3. MorgueFile.com - No, we are not talking about where dead bodies are kept. A morgue file is a name for where archived news clippings were kept.
    That being said, this site is intriguing. The licensing is slightly different on many images, in that they cannot be used stand alone. The site tends not to have great model photographs, but for everything else [even the unique/ weird/ uncommon requests], you can usually find it here. Morgue File also has tabs at the top of your search, so you can flip between Morgue File photographs and a handful of the paid sites - great for a quick comparison! This has been one of the longest running free stock sites, and old habits die hard.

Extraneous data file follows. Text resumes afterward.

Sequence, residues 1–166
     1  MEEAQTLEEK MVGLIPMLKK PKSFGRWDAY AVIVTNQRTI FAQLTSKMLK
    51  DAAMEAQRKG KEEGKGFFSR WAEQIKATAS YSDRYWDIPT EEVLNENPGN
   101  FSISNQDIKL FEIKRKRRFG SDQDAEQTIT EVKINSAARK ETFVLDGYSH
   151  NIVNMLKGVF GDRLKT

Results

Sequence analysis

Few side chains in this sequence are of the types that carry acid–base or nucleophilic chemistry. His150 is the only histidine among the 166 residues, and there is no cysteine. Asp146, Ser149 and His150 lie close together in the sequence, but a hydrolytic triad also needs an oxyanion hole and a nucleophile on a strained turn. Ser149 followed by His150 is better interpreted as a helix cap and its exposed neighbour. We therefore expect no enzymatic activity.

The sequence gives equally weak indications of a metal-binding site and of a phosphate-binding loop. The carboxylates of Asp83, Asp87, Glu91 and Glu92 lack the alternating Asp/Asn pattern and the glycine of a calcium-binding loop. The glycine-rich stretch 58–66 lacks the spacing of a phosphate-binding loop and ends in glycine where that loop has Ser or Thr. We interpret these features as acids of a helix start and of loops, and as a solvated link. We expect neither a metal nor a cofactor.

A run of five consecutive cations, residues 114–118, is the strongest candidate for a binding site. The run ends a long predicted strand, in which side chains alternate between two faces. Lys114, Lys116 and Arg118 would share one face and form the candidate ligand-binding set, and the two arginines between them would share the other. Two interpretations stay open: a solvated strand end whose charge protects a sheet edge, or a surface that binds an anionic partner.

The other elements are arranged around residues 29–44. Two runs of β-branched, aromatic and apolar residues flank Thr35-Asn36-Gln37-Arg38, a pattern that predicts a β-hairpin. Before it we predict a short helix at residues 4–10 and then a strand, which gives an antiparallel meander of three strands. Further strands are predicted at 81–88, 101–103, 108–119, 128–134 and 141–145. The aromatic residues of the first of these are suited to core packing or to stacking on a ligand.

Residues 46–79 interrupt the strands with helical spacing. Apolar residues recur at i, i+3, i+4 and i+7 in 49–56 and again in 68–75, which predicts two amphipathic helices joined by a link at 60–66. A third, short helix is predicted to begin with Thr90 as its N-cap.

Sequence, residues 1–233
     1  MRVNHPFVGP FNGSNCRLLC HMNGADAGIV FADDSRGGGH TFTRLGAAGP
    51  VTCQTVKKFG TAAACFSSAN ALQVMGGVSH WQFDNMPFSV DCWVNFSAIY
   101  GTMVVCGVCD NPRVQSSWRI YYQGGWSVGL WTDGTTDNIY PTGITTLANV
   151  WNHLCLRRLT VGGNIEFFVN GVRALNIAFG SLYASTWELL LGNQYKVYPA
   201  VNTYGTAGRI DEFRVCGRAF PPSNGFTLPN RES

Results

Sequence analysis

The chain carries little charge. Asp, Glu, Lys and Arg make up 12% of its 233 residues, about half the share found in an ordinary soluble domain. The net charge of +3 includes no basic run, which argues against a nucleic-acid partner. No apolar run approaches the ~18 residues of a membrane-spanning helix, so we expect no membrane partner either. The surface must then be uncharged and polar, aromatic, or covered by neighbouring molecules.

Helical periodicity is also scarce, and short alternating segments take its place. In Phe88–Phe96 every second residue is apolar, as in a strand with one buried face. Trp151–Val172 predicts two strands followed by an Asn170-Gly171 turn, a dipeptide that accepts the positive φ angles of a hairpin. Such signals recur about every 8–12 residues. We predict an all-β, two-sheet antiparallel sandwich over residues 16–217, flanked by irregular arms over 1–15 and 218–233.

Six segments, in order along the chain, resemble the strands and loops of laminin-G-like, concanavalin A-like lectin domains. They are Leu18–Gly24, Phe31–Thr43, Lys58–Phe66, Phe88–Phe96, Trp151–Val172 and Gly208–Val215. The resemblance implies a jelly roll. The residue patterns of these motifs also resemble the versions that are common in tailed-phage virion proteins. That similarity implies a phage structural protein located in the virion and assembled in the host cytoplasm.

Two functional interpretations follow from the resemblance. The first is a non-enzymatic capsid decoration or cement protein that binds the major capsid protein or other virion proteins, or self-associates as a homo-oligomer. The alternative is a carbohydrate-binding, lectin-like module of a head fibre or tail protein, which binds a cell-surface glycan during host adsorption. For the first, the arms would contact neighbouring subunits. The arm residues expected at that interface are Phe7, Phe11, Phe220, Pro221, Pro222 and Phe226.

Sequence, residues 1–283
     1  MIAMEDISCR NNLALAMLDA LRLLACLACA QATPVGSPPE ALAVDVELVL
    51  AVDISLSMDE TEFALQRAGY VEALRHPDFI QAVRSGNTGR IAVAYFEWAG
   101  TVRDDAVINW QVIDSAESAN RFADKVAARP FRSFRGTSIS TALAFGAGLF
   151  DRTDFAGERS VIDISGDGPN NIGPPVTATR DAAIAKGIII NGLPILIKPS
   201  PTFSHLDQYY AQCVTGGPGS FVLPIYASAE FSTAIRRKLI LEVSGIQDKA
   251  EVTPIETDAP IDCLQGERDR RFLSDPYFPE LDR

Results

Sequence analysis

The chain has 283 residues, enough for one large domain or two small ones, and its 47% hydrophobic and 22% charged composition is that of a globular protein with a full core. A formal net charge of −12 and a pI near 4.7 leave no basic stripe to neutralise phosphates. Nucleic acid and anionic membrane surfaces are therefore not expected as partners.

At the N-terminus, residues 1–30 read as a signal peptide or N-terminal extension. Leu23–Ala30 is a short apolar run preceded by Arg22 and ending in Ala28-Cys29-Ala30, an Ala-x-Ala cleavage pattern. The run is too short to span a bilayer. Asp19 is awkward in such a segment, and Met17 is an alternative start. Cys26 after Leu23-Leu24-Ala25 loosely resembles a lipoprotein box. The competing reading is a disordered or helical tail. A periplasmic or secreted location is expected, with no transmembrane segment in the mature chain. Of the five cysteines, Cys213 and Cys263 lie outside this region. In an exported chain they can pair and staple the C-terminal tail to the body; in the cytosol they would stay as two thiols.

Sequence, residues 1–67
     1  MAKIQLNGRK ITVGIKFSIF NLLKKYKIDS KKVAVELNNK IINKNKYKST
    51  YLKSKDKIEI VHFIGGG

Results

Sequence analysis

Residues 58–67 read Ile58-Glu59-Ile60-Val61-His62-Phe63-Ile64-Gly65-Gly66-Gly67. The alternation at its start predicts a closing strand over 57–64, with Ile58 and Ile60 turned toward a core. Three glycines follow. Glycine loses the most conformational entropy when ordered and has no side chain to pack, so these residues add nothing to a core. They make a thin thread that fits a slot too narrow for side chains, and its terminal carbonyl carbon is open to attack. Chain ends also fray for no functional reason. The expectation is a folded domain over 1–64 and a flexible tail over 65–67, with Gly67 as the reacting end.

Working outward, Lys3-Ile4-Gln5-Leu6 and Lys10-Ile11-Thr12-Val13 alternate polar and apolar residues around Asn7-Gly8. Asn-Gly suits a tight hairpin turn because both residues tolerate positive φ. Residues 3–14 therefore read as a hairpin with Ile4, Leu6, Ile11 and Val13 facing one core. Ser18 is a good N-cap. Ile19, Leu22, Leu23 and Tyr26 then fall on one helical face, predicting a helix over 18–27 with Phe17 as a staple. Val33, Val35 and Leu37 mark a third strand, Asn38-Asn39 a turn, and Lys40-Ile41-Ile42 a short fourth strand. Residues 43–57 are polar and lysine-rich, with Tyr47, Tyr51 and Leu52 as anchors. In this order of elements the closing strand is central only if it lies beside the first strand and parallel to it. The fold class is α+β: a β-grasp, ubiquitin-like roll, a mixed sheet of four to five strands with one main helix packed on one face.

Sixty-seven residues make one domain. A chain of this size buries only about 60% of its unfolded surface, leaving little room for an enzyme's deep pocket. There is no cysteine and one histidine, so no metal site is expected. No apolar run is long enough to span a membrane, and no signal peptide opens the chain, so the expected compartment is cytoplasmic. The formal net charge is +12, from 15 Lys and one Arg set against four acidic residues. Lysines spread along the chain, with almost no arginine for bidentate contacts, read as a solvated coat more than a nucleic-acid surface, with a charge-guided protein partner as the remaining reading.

4. StockFreeImages.com - Stock Free Images has almost one million free photographs and illustrations. The site started in 2012 and is run by Dreamstime. For those staged, have-to-be-perfect, marketing photographs, this is the site to use. The quality of photographs here is outstanding. They are sometimes a little too perfect of photographs for some items I design, but on a whole, a wonderful site. Again, a free account is required. 
  5. PhotoPin.com - This tool I just recently came across. It searches Creative Commons licensed photographs within Flickr. The search functionality seems to be fairly spot-on, and you can filter easily to commercial use photos. Of course, you are searching Flickr, so you get the professional with the unprofessional. When other sources fail me, I can usually find something here.